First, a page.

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Moundville in Hale County, Alabama — The American South (East South Central)
 

Mound Arrangement

 

— Moundville Archaeological Park —

 
Mound Arrangement Marker image. Click for full size.
By Mark Hilton, January 19, 2020
1. Mound Arrangement Marker
Inscription.  At least 29 mounds were built and used as platforms for important structures at Moundville. Their rectangular arrangement, roughly aligned with the four directions around a central plaza, shows us that these people planned this site before they built it.

Around AD 1050, people moved into the vicinity, building houses along the riverbank and ravines. As clan nobles centralized and consolidated power, they fostered the loyalty and allegiance of commoners living in the Black Warrior River Valley. They also developed plans to build and use Moundville as a governmental and religious capital. Starting around AD 1200, commoners built the entire center, including the palisade, completing it by AD 1300.

Genealogies traced through the mother's family ranked Mississippians as either nobles or commoners by birth. People also divided themselves into family clans. These clans were ranked by degrees of importance or status. Each family clan was probably assigned at least one pair of mounds around the plaza. The clan chief's house topped the larger mound of the pair; the smaller mound having a clan temple, mortuary house or craft workshop built

Mound Arrangement Marker with mound P in background. image. Click for full size.
By Mark Hilton, January 19, 2020
2. Mound Arrangement Marker with mound P in background.
there. This pairing of larger and smaller mounds is most pronounced in the western row of mounds in front of you.

The highest-ranking clan's ruler used the northernmost mounds. This paramount chief lived atop Mound B, mounds C, D and V serving political, religious, mortuary or domestic roles. Moving southward down the eastern and western sides, each clan's status decreased, the lowest ranking clans occupying those mounds at the site's southern end.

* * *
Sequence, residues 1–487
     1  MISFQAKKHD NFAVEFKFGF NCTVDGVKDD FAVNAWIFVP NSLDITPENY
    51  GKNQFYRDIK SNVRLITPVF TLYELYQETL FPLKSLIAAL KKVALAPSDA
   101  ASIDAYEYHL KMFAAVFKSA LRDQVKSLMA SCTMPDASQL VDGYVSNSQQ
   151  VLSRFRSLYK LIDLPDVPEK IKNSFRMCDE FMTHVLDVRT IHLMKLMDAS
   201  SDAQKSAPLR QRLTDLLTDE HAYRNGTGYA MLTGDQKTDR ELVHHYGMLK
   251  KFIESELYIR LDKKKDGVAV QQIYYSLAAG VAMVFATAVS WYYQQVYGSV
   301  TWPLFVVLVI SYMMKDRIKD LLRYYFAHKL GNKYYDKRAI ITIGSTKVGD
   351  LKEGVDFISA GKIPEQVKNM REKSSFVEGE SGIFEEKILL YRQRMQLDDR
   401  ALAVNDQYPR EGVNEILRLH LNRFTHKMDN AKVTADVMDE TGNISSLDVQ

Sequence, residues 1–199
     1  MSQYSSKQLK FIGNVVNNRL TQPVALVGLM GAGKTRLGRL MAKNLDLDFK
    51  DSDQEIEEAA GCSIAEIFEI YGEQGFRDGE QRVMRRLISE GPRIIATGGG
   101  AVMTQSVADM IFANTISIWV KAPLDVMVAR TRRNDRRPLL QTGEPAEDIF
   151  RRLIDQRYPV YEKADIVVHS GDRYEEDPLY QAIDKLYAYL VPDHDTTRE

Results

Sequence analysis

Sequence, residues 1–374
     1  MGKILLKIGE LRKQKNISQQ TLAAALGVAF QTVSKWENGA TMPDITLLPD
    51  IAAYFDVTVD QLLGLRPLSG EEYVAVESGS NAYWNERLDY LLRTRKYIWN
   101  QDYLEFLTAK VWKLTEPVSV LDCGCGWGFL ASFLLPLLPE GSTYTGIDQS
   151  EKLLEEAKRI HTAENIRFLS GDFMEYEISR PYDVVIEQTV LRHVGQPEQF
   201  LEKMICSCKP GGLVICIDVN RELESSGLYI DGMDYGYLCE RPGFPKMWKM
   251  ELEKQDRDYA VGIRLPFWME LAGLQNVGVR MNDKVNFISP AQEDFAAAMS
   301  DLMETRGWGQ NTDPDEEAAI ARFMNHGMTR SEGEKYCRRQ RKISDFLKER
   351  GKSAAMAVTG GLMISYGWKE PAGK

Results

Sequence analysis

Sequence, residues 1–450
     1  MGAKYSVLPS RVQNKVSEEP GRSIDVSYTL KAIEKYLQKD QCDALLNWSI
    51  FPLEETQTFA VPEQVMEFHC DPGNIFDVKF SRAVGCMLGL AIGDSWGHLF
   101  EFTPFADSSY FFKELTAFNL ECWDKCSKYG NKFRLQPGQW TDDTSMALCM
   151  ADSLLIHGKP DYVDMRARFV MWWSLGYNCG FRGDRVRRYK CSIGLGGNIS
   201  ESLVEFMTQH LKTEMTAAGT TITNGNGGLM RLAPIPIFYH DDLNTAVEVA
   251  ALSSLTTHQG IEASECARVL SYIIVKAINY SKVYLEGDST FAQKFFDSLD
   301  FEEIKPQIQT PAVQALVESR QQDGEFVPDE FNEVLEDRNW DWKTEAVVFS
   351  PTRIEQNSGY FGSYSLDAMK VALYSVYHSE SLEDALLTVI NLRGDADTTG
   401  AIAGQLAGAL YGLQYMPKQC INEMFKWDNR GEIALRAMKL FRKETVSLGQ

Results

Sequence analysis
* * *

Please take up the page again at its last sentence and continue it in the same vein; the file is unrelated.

Erected by the University of Alabama.
 
Topics. This historical marker is listed in these topic lists: Native AmericansSettlements & Settlers.
 
Location. 33° 0.418′ N, 87° 38.012′ W. Marker is in Moundville, Alabama, in Hale County. Marker is on River Bank Road half a mile north of Mound Parkway, on the left when traveling north. Touch for map. Marker is at or near this postal address: River Bank Road, Moundville AL 35474, United States of America. Touch for directions.
 
Other nearby markers. At least 8 other markers are within walking distance of this marker. A Perspective of Power (about 300 feet away, measured in a direct line); The CCC and Moundville (about 500 feet away); Politics and Power (about 700 feet away); a different marker also named Politics and Power (approx. 0.2 miles away); Mound B (approx. 0.2 miles away); Earthlodge

View from marker towards Mound B. image. Click for full size.
By Mark Hilton, January 19, 2020
3. View from marker towards Mound B.
(approx. 0.2 miles away); Protection and the Palisade (approx. ¼ mile away); Moundville Archaeological Park (approx. 0.4 miles away). Touch for a list and map of all markers in Moundville.
 
Also see . . .  Wikipedia article on the Moundville Archaeological Park. (Submitted on January 21, 2020, by Mark Hilton of Montgomery, Alabama.)
 
Map of Moundville Archaeological Park mounds. image. Click for full size.
By Mark Hilton
4. Map of Moundville Archaeological Park mounds.
 
 
Credits. This page was last revised on January 21, 2020. It was originally submitted on January 21, 2020, by Mark Hilton of Montgomery, Alabama. This page has been viewed 75 times since then. Photos:   1, 2, 3, 4. submitted on January 21, 2020, by Mark Hilton of Montgomery, Alabama.
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Jan. 26, 2021